From the very beginning, even before we get to know more about Wilhelmsen’s disability and her personality, we can tell she is a rational and logical person, who avoids the emotional response. On the first page of the book she tells us about the crash: ‘as it was only the train driver who died, you couldn’t call it a disaster… a dead train driver comprises only 0.37 per cent of’ the people on board the train. She uses her disability to keep people at a distance and it also brings out quite understandably a defensive side to her. Her encounters with people invariably end up rather prickly and in truth she prefers to observe people rather than interact with them: ‘my relationship to other people is – how shall I put it – more academic in its nature.’ Her disability also reminded me of another fictional sleuth, Hans Olav Lahlum’s Patricia. Patricia is far less prickly than Wilhelmsen, though she suffers more from intellectual pride. Yet both of them for one reason or other tend to have limited access to the outside world and at times this is partially a voluntary choice. It is perhaps easier to warm up to Patricia as her conversation is less awkward and brusque, but on the other hand there is perhaps a greater sense of humanity within Wilhelmsen, whose has had a much wider range of experiences in her life. She’s flawed but she’s the only one who has concern for a runaway teenager, though the ending of the book does not suggest how far this concern goes. Having now read a novel with Wilhelmsen in I am not sure why the back of the book tries to align her with Miss Marple. Miss Marple relies a lot on her conversational skills in finding out more about people and solving cases. This is definitely not something apparent in Wilhelmsen who consistently struggles with this social skill. So I think it is wrong to try and package her that way, almost a disservice really.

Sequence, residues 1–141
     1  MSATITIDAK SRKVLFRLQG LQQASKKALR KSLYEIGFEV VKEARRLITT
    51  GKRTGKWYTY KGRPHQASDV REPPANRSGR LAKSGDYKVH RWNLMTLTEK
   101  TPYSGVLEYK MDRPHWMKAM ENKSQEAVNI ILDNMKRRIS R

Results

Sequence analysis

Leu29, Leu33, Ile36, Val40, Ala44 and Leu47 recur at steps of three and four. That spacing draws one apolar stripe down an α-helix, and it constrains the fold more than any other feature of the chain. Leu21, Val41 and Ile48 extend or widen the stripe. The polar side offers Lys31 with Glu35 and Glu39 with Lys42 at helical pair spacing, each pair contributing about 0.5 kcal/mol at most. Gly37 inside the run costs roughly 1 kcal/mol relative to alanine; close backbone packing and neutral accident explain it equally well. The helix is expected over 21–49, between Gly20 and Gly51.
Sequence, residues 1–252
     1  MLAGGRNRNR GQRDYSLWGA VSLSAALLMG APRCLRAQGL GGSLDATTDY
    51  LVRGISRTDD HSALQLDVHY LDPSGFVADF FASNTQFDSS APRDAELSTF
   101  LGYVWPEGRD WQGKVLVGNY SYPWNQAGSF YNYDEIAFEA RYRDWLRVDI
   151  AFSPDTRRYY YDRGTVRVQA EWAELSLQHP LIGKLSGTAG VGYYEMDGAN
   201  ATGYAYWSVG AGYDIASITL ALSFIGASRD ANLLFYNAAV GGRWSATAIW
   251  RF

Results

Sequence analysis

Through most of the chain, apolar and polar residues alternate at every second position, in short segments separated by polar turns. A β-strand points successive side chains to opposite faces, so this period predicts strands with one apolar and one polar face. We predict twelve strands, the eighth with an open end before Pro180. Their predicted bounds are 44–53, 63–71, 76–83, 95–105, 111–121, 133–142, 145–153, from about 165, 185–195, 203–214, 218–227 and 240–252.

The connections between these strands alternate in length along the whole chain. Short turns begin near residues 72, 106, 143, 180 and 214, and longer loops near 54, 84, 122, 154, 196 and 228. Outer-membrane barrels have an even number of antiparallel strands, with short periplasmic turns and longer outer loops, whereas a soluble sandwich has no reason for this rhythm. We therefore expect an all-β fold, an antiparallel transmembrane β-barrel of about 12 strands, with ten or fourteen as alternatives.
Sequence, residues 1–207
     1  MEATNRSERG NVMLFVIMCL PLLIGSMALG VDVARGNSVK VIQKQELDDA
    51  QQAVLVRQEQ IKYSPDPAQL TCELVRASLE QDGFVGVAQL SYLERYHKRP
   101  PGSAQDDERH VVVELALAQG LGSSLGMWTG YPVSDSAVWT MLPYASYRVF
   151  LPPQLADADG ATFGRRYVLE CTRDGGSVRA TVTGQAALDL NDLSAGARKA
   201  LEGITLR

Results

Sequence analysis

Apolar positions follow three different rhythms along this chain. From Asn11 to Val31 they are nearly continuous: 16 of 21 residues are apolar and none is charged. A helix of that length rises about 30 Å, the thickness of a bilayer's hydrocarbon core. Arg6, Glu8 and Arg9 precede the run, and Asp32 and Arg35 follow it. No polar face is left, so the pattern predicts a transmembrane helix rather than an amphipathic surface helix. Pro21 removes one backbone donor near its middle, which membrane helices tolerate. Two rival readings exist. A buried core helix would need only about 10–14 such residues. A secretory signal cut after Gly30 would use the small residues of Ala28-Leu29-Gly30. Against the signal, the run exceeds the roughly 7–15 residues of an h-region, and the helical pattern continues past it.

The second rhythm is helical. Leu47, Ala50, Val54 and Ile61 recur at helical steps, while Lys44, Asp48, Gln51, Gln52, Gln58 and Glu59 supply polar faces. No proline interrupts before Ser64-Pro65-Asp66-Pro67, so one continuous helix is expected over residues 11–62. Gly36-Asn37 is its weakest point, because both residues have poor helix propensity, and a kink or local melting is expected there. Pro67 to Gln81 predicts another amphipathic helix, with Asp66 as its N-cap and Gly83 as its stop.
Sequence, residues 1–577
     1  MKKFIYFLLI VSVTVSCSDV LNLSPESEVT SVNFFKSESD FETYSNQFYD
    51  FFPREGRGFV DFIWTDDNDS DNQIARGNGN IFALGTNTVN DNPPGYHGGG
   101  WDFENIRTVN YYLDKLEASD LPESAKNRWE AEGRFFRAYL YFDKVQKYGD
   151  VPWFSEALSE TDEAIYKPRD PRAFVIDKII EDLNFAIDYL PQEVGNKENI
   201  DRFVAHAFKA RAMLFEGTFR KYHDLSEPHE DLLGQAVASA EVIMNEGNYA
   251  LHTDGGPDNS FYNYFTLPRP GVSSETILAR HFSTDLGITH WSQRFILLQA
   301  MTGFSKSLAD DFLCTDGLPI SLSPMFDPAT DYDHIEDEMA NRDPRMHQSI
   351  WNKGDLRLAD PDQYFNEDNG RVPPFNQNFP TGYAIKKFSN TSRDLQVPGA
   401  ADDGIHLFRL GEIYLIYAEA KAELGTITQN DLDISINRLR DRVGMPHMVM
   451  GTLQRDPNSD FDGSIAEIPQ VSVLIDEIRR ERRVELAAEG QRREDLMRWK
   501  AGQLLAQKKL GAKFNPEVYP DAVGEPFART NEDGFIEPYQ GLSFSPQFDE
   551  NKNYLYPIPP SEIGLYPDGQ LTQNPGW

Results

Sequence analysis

So I guess the only thing now I have left to do is justify my final rating, as my review has seemed awfully negative. So what did I like? The setup, with the weather being a consistent danger and problem for the characters, the narrative point of view and Wilhelmsen, who Holt reveals to us in layers, which worked very well. In fact Wilhelmsen is one of the major strengths of the book and it is only a shame that her detecting skills are quite hidden from the reader. The other characters who make the small group of people who know what is going on in the hotel are also engaging and you can warm to them quite easily. Holt also has a writing style which carries you along very well, so you only periodically start having the concerns that I have talked about more fully in the review.
Rating: 3.75/5 (and yes I keep changing my mind on the rating every three seconds. Question to self: Why did I decide to have a numerical rating system?).